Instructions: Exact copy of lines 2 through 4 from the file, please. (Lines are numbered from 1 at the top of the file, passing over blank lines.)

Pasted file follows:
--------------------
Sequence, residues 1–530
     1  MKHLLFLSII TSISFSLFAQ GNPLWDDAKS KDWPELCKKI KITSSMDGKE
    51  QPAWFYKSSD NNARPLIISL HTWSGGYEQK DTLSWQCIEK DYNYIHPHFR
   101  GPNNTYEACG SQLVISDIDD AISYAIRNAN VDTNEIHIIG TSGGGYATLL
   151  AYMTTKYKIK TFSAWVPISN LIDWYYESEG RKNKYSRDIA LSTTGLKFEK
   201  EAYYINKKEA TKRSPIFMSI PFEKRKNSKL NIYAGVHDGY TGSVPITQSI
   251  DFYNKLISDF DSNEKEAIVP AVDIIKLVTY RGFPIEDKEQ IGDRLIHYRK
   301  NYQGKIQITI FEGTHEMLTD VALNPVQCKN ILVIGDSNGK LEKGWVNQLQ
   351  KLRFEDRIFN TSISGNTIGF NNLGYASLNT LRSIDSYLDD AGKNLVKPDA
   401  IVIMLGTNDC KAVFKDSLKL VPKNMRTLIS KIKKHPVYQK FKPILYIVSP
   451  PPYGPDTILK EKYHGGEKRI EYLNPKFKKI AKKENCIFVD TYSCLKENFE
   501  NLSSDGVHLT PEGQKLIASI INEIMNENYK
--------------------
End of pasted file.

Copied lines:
     1  MKHLLFLSII TSISFSLFAQ GNPLWDDAKS KDWPELCKKI KITSSMDGKE
    51  QPAWFYKSSD NNARPLIISL HTWSGGYEQK DTLSWQCIEK DYNYIHPHFR
   101  GPNNTYEACG SQLVISDIDD AISYAIRNAN VDTNEIHIIG TSGGGYATLL